Looking for What's Not There


This column asks the all-important question, "What isn't there that should be?" The same idea for spotting black holes also applies to spotting "holes in designs and requirements." For example, there are often connections between the quantity of bugs filed against an area and whether the area is thoroughly tested. There can also be holes in what KIND of bugs have been reported. Hendrickson lays out the territory for the search and goes on to suggest how to "look for where there's a lot of nothing."

"Dad, how do they find black holes?" I asked this question many years ago while walking with my father on a clear winter night, admiring the stars. Dad looked down at me, hands stuffed into his pockets, our breath visible in the cold air, and smiled. "Well, kiddo, since they can't see what's not there, they look for where there's a lot of nothing."

The idea stuck: find something by watching for nothing. It's how I look for holes in designs and requirements. If nothing in the design says anything about security, no one is thinking about it yet. If there are no requirements from a given stakeholder, chances are that stakeholder has not been represented in the requirements process.

It's also one way that I monitor the testing effort. If an area has no bugs filed against it, it's an indication that it hasn't been tested. Of course, just because a lot of bugs have been filed about a given area doesn't mean that it is well tested. So I also look at the kinds of bugs that have been filed. Do they get to the heart of the functionality or are they all superficial? Do any bugs involve bad input data, buffer overruns, or long path names? I'm looking for an indication that there's a hole in our testing—kinds of bugs that haven't been filed yet.

Looking for the absence of information isn't easy. You have to know what you expect to see before you can notice that it is missing. That means that you need a mental list of bug categories you might expect to find in the software under test: simultaneous user problems, data corruption bugs, timing issues, etc. Your list depends on what your software does.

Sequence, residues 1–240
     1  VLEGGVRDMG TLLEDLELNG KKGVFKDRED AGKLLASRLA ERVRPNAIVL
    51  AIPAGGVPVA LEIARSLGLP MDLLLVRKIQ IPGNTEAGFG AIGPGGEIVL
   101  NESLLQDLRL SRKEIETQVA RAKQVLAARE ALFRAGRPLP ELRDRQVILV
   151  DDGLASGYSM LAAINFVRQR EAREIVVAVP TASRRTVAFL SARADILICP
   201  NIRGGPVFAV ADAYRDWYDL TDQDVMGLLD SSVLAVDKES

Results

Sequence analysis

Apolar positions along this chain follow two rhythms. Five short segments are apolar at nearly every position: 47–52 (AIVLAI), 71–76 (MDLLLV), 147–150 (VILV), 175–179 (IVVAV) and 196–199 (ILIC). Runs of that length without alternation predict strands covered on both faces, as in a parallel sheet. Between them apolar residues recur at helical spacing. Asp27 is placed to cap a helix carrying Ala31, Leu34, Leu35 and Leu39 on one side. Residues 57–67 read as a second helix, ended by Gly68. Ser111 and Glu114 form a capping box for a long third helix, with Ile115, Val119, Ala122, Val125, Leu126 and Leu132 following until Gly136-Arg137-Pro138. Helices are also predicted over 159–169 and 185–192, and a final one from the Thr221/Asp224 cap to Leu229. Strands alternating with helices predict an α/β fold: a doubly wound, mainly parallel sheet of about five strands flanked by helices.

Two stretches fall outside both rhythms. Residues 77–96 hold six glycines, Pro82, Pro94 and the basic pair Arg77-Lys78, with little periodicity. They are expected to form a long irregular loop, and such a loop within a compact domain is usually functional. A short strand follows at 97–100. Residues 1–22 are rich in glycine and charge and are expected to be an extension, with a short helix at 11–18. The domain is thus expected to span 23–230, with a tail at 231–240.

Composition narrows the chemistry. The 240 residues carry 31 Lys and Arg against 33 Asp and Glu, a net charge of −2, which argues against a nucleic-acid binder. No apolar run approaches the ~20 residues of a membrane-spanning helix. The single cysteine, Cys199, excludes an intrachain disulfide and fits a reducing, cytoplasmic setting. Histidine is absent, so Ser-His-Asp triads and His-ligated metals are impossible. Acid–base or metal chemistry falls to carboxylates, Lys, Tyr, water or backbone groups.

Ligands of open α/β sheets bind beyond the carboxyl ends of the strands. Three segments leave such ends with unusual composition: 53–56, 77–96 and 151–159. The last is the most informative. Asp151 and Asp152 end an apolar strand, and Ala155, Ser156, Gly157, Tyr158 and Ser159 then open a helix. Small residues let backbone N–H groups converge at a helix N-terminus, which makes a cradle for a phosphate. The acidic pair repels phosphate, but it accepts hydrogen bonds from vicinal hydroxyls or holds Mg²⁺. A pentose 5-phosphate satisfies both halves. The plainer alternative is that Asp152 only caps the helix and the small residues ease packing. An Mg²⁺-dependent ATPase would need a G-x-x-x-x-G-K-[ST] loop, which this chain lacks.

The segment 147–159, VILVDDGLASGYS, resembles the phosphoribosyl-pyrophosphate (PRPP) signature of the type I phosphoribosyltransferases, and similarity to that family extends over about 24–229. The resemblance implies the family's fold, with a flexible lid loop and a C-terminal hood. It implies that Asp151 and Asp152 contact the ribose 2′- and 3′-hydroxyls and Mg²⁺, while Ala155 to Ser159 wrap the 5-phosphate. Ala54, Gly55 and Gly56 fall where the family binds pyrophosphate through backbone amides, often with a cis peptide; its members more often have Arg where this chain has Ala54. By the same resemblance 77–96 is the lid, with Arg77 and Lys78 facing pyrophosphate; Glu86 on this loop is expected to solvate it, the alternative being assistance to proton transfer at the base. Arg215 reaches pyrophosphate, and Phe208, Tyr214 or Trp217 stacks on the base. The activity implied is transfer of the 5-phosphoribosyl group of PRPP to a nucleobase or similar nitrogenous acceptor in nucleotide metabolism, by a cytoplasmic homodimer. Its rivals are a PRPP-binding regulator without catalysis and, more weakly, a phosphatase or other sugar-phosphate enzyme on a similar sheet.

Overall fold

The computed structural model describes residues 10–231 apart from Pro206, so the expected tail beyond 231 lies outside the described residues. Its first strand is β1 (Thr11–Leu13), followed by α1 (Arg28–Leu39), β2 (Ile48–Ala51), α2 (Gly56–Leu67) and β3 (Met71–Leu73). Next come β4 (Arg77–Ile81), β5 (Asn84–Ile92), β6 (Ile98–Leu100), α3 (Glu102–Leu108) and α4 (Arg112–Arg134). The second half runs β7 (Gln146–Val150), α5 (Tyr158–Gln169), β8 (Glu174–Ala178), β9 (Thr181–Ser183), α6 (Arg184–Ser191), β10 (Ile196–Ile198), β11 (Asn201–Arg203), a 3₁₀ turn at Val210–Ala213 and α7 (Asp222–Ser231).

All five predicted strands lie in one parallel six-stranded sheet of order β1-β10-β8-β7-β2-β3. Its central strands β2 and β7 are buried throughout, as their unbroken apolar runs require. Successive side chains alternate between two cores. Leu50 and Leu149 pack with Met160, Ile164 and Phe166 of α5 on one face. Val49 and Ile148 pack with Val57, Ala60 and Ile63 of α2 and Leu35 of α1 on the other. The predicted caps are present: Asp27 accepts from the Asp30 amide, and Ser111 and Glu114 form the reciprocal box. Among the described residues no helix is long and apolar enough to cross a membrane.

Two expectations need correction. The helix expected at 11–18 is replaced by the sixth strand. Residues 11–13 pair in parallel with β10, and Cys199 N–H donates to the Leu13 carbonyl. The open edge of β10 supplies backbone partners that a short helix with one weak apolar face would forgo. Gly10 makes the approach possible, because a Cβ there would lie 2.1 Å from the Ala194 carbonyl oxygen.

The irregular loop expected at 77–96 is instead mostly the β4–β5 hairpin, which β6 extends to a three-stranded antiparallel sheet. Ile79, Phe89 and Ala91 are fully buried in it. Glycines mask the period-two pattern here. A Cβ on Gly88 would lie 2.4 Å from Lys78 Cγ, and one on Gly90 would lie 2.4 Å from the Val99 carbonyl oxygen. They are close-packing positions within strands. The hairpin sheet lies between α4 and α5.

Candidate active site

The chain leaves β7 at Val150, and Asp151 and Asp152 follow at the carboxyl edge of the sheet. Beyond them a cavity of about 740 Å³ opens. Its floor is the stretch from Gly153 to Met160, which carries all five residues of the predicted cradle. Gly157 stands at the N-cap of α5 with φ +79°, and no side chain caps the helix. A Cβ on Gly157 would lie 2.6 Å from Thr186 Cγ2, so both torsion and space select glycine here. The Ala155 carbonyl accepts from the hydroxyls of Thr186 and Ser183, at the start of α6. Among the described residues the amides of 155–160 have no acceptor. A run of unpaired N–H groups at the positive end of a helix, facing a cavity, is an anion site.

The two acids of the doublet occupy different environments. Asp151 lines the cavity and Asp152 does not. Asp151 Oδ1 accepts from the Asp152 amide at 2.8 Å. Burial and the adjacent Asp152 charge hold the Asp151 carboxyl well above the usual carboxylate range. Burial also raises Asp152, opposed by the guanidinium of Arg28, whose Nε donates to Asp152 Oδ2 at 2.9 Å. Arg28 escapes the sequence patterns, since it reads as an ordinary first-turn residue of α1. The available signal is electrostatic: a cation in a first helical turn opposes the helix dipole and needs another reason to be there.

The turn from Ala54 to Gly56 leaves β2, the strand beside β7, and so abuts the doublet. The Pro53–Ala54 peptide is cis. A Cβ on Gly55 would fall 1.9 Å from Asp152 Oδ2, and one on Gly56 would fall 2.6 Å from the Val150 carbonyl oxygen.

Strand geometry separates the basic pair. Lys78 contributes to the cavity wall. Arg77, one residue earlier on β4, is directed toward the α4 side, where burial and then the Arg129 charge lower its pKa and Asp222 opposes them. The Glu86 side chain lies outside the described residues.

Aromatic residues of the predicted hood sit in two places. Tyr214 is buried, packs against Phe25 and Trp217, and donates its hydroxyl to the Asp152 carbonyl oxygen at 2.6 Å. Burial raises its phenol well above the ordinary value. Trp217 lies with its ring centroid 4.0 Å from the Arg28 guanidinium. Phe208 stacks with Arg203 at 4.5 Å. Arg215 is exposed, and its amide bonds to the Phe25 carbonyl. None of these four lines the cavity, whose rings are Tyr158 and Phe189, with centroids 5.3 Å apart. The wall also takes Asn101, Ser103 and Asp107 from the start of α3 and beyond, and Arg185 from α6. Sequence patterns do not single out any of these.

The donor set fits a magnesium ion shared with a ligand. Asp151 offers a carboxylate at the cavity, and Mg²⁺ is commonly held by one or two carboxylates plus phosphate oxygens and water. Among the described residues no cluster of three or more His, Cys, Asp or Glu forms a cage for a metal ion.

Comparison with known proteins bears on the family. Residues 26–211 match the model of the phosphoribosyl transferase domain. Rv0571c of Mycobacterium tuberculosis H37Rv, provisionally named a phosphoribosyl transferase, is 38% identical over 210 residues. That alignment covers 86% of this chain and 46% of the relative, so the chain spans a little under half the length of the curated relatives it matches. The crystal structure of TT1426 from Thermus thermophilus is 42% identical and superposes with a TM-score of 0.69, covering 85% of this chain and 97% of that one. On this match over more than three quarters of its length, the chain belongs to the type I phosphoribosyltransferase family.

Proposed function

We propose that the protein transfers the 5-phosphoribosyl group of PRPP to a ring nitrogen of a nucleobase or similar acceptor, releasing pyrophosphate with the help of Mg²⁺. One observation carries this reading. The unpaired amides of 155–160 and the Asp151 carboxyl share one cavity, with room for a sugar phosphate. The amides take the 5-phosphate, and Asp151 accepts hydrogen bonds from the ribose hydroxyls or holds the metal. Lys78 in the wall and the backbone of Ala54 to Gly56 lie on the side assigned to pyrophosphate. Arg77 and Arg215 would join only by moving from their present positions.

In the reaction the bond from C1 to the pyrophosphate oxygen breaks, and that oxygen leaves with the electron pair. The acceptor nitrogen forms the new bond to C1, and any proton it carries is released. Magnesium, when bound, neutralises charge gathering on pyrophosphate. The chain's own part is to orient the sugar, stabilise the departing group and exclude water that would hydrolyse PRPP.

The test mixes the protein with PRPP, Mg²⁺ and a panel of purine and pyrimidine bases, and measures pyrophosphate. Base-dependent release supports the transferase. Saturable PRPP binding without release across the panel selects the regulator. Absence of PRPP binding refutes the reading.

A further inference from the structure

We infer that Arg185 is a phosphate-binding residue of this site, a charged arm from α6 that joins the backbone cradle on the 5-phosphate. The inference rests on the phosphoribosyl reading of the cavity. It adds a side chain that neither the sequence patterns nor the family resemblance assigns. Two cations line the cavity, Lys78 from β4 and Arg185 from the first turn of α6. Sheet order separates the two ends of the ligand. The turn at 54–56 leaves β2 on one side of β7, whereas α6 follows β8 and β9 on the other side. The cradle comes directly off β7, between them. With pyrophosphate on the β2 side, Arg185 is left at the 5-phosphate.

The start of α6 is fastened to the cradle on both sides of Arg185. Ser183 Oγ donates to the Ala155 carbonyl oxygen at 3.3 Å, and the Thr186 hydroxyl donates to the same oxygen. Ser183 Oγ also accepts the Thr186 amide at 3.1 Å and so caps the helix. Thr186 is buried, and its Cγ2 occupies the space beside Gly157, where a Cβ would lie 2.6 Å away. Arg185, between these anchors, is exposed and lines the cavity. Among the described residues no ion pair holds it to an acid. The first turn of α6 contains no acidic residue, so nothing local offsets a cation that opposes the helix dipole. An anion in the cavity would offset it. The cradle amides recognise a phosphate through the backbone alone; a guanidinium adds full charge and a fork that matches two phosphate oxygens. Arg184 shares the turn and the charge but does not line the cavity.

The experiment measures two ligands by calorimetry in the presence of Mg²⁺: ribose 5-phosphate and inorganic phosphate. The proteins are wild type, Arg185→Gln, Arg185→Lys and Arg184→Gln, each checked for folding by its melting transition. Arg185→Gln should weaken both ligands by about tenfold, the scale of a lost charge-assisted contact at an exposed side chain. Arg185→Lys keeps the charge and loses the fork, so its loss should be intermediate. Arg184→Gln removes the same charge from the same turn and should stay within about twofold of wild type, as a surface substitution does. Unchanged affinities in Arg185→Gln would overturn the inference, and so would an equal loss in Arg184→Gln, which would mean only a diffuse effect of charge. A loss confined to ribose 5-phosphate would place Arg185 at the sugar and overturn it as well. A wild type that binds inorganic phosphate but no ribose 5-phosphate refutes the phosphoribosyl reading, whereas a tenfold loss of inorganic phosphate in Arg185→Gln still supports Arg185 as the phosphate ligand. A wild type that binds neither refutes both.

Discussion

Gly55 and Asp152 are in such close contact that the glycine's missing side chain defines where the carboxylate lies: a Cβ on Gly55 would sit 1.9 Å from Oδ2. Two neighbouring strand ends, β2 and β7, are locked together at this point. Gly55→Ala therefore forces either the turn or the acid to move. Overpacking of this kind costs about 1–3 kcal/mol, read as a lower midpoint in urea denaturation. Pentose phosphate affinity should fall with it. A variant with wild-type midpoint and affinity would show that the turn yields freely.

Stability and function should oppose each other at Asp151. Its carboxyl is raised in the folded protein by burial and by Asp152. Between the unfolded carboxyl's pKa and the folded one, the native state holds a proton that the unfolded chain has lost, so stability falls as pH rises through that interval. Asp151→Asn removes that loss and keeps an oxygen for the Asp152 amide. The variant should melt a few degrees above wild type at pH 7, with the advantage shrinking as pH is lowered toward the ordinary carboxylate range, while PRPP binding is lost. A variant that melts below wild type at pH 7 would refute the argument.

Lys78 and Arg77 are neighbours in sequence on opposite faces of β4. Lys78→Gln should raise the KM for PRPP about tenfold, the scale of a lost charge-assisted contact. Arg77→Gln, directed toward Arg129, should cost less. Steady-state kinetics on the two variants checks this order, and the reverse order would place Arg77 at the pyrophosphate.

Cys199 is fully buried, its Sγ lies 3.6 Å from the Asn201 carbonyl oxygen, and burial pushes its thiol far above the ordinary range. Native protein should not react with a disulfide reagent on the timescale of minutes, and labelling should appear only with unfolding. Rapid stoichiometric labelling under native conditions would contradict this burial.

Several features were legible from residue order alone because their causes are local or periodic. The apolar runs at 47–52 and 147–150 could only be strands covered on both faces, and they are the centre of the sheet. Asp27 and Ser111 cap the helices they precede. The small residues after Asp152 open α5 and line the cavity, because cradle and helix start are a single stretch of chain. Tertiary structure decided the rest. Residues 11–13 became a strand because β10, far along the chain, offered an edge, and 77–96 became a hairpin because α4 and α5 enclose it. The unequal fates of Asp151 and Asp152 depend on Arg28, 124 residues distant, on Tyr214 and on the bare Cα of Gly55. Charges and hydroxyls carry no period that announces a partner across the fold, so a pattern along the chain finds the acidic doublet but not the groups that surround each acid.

You also need to know, in detail, what has already been seen. If you survey the bugs that have been found to date—reading them rather than counting—you can look for patterns in the testing that led to finding the bugs. Just counting isn't enough. What's missing doesn't always fit neatly into a drop down list in the bug tracking system.

As the project progresses, looking for patterns of missing bugs becomes more difficult. The more bugs that have been filed, the more difficult it is to spot the areas with a dearth of bugs. And yet this is the time when it is critical. You're almost done. Soon, someone along Executive Row will start asking why you haven't shipped yet. The next thing you know, the software is released and/or posted to the Web. That's not the time to find out that no one tried searching the catalog in two different Web browsers simultaneously.

One way to look for testing holes is to tabulate bugs on a matrix as they're filed in the bug tracking system. Along one side, divide the software under test into areas. Then list categories of tests that apply to all areas along the top. For example, if you are testing an editing program, the areas along the side might include Draw Tool, Text Tool, Insert Picture, Printing, etc.

Categories along the top might include Undo, Drag and Drop, International Characters, Low Memory, etc. You could have as few as ten items per side, or as many as thirty. (Too few cells in your matrix and you won't get the information you need; too many and your matrix will become unwieldy.) Every time someone files a bug, put a tick mark in the appropriate box in your matrix. You're looking for boxes with no tick marks.

This matrix is a lightweight tool for your own use in spotting black holes. Don't try to put too much information in each cell. Even trying to squeeze in the bug number might be too much. If you try to track any more information than a single tick mark, keeping the matrix up to date will become onerous and you probably won't do it. If you just use tick marks to count bugs in cells, five or ten minutes a day of reading through bugs and marking off cells will be enough.

Months into the project, you'll have a map that shows you bug counts by areas of the software and categories of tests. Now you can find the holes. An added bonus: When the project is over, the matrix can also provide information about weak areas on the software so those areas can be improved in future projects. Did every feature have problems with boundary values? Perhaps the software needs more error checking in general.

Finding something by watching for nothing is difficult and time consuming—but worth the effort. The areas where we left unfilled holes are the ones that will cause us to run around with our pants on fire, desperately trying to ship a patch to an irate customer whose system blew up on upgrade, or frantically posting a new Web site that works with different browsers. So look carefully—what isn't there that should be?

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